- The Washington Times - Friday, December 22, 2006

NEW ORLEANS — What did the stars look like the day you were born? What’s that constellation called with the three stars lined up like a belt? What does the sun look like when seen through a telescope?

A new planetarium has just opened at Shreveport, La.’s Sci-Port Discovery Center where you can find the answers to all these questions.

Like most planetariums, it offers dazzling shows about the universe and models of the planets. However, Sci-Port expects its biggest attraction to be something else: the unique interactive nature of some of the exhibits.

The Dayna & Ronald L. Sawyer Space Dome Planetarium opened Nov. 18 as part of a 25,000-square-foot Space Center addition to Sci-Port Discovery Center. The planetarium was designed by Al Najjar, Sci-Port’s president and chief executive.

The dome of the planetarium hangs at a 45-degree angle in a space cut out from the second floor of the addition. You can watch planetarium shows from first-floor seats or the second-floor balcony.

Models of the planets hang from columns set around the other side of the balcony, which is actually the outside of the planetarium shell and is painted in orange, yellow and black to represent the sun, with lights to simulate the solar currents.

Louisiana has three other planetariums, not including the planetarium at the Audubon Nature Center in eastern New Orleans, which closed permanently because of damage from Hurricane Katrina.

Five kiosks in front of the seating at the Sci-Port planetarium make the largest difference between this facility and other planetariums in the state and around the world.

About a third of the time, the Sci-Port planetarium offers interactive exhibits, with three ways for patrons to manipulate the laser-beam images on the dome.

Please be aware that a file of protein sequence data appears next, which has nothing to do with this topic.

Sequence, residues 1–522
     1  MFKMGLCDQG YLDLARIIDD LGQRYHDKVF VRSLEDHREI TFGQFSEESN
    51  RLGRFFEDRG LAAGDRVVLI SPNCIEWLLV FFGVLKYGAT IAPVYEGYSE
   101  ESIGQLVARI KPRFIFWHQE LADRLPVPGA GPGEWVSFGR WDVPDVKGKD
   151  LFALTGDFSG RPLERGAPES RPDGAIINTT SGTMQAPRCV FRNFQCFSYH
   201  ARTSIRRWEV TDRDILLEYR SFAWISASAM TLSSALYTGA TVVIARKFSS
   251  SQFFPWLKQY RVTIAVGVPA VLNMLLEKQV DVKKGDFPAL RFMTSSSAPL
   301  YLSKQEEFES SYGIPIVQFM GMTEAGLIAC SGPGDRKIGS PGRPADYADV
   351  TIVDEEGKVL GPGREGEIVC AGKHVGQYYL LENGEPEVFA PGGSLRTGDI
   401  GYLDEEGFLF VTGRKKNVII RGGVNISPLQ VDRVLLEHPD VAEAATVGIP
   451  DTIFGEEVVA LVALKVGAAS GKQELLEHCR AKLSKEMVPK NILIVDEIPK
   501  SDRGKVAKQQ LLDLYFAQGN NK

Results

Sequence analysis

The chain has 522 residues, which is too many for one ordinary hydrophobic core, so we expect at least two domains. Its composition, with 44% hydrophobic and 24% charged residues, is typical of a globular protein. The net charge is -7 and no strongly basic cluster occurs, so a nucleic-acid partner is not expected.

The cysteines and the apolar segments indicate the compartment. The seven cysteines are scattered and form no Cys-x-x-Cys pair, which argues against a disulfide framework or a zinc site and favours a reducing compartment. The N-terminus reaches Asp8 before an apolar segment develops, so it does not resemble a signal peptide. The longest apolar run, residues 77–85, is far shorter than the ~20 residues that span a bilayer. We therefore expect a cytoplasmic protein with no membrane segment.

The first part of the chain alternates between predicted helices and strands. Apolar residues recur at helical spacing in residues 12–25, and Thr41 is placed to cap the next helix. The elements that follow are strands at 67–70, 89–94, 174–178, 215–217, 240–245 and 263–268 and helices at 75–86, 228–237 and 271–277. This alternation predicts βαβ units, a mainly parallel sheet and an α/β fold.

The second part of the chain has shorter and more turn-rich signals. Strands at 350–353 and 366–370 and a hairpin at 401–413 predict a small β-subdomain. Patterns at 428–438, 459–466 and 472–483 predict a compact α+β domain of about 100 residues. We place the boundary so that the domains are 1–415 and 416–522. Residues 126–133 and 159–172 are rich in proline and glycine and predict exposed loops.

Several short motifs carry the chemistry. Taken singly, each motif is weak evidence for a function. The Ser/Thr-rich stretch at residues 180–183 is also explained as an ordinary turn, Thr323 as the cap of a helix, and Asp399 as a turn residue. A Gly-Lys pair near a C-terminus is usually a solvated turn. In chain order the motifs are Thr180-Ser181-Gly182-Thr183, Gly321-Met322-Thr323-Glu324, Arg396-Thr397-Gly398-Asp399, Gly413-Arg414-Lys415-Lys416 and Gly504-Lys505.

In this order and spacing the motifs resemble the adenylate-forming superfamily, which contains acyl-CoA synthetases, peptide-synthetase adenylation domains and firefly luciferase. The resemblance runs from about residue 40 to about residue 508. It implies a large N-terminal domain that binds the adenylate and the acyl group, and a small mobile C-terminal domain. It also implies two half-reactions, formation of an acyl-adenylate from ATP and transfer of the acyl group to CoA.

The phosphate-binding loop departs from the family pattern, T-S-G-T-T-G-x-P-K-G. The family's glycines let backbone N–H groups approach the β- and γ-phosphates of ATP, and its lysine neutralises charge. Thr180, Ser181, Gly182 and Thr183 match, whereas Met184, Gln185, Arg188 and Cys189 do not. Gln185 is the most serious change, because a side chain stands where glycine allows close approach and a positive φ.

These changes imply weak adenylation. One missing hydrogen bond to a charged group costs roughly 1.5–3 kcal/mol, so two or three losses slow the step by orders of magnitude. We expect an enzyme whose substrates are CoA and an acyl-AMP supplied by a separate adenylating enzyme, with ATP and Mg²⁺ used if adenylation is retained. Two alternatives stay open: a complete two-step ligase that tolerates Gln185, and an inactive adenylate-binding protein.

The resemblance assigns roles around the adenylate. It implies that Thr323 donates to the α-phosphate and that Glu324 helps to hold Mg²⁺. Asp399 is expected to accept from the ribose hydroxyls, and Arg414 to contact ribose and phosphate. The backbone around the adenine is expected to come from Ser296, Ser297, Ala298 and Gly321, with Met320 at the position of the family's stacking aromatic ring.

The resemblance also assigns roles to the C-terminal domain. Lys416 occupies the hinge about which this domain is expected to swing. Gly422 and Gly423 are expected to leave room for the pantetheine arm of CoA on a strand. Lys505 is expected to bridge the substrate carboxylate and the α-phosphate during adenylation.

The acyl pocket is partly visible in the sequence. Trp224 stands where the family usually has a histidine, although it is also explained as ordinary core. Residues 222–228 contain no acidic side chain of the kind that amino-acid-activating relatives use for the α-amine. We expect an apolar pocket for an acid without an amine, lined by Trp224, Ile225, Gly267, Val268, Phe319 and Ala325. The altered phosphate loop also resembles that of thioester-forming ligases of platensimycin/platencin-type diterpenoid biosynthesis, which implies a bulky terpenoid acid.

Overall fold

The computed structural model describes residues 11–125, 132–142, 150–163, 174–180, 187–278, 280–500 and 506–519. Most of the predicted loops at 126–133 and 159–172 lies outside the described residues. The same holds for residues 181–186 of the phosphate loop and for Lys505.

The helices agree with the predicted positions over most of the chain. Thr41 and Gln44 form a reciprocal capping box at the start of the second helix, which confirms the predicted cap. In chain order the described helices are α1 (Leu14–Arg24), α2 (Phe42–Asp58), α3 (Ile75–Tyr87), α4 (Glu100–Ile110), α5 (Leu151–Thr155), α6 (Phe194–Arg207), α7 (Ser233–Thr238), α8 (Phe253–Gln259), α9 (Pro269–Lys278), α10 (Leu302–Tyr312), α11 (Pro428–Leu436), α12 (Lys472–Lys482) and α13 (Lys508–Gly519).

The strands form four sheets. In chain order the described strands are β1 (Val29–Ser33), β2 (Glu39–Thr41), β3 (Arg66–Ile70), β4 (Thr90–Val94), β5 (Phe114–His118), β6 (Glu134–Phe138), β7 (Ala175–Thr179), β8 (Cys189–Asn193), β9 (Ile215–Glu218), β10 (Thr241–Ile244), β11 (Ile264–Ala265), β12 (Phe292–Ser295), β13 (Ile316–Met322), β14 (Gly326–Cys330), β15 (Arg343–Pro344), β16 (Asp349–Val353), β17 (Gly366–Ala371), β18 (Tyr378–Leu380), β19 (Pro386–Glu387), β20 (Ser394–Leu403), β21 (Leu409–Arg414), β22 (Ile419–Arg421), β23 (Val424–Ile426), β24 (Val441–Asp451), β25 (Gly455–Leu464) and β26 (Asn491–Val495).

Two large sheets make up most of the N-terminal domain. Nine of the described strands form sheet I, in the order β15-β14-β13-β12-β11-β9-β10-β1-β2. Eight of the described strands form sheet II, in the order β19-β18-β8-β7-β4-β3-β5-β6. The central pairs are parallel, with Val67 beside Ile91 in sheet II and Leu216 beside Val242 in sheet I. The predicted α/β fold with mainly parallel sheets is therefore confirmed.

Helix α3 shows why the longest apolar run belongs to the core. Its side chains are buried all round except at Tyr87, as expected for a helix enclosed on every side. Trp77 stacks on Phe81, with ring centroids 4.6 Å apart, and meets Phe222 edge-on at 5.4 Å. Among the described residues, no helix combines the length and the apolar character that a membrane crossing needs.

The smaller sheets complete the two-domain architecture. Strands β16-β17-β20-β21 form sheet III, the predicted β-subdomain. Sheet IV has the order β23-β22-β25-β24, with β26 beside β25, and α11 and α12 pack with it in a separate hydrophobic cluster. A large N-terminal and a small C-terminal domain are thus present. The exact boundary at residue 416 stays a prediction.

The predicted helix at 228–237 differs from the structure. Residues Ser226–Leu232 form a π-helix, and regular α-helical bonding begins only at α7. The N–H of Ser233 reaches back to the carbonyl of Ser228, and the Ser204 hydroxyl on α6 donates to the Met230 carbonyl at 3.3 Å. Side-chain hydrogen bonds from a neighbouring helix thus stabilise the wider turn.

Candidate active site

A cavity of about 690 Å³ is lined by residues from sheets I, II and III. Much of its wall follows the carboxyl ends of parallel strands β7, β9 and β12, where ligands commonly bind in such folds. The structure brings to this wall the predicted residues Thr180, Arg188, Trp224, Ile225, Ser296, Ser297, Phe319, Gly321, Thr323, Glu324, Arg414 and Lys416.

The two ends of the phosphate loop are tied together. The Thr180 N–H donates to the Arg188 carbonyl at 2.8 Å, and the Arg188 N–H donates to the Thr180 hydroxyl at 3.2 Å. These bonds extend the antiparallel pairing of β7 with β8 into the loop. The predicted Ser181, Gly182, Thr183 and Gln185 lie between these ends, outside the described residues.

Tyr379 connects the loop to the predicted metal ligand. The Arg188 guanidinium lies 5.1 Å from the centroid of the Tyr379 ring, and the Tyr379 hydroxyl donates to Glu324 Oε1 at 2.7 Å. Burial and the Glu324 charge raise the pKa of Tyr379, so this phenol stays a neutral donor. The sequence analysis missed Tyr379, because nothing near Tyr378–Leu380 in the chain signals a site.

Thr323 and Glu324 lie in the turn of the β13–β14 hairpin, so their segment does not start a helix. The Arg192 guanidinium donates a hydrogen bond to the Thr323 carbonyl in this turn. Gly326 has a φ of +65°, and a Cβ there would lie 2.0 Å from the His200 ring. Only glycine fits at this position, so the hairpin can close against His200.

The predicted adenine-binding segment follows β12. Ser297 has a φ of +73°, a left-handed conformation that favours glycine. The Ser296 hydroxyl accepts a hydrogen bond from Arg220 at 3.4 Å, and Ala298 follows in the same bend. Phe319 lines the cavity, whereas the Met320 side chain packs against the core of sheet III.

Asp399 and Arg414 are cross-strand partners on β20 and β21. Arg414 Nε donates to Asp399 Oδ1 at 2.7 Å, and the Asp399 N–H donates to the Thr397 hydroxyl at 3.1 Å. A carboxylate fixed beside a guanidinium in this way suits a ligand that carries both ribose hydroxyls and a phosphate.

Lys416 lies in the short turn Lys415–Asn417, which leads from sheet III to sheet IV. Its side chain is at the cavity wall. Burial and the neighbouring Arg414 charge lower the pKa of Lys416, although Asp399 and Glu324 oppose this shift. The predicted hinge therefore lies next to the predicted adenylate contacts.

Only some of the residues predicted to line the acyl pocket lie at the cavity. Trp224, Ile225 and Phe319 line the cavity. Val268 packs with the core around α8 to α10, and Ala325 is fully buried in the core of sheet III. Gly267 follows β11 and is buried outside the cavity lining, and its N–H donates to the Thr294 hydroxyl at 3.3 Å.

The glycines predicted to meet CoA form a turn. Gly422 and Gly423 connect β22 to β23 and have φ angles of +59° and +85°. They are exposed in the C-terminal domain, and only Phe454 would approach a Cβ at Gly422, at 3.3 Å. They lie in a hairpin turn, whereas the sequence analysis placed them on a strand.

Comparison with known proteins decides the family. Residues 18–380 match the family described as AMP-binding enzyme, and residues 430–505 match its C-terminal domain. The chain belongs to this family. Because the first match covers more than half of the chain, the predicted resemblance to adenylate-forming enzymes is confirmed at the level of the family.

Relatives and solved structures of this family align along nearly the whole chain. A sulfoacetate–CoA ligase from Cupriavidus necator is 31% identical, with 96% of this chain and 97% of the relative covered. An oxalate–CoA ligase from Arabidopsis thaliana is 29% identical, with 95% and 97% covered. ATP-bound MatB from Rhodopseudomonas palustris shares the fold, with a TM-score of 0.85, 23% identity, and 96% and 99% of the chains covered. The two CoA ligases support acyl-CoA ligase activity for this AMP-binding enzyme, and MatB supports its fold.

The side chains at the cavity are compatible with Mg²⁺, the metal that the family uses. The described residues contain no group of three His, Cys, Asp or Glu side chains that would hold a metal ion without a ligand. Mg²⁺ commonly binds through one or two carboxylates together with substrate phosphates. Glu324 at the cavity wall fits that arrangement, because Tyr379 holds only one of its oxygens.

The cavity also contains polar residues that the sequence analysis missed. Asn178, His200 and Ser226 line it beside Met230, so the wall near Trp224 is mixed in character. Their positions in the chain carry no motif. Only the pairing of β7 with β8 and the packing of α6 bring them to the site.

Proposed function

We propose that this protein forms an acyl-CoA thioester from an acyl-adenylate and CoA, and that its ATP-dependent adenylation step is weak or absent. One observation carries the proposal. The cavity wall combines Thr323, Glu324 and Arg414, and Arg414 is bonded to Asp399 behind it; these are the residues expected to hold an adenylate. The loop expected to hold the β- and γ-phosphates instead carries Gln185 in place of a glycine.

One interactive program lets people see how the sky looked at their birthplace when they were born. The image appears on the dome with your name for everyone in the planetarium to see for several minutes.

Planetarium spokesman Eric Gipson could only describe it as “totally awesome” when he saw the sky from his own birth date (Dec. 13, 1963) up there , including a formation of stars that he swears resembles nothing so much as the “Gipson family nose.” He plans to take his 6-year-old daughter to see her birth sky on her birthday.

Another interactive program is a constellation challenge in which an image is displayed on the dome and you have to guess what it is. (The constellation with three stars in a row like a belt is Orion the Hunter.)

The most complex of the three interactive programs is the International Space Station. “One person controls an arm of the International Space Station, another controls the space shuttle, another controls the solar panels,” says Rebecca Nesbitt, the Sci-Port’s program director. “They all have to work together. If the solar panels aren’t at the right angle and don’t collect enough energy, everyone goes down.”

Movies and live presentations will split the planetarium’s non-interactive time.

Other areas of Sci-Port’s new Space Center include rooftop telescopes where you can have a safe view of the sun.

The center also includes a 32-foot-long pendulum that rings chimes at the edge of a circle as the Earth — and therefore the room — turns beneath it; a solarium in which the skylight is a 20-foot sundial; and interactive astronomy, space and math exhibits.

The planetarium and Space Center were built with $5.1 million from private donors and $6.5 million in public money — $3 million from Shreveport, $2 million from Louisiana and $1.5 million from the National Aeronautics and Space Administration.

The planetarium replaces a city-owned, 1960s-era planetarium that closed about 18 months ago.

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Sci-Port Discovery Center, 820 Clyde Fant Parkway (on the downtown Shreveport riverfront), Shreveport, La.; visit www.sciport.org/spacecenter.htm or phone 877/724-7678.

Hours are 10 a.m. to 5 p.m. Monday through Friday and until 6 p.m. Saturday; 1 to 6 p.m. Sunday. Admission, including Imax Dome Theatre: adults, $17; children 3 to 2, $12.



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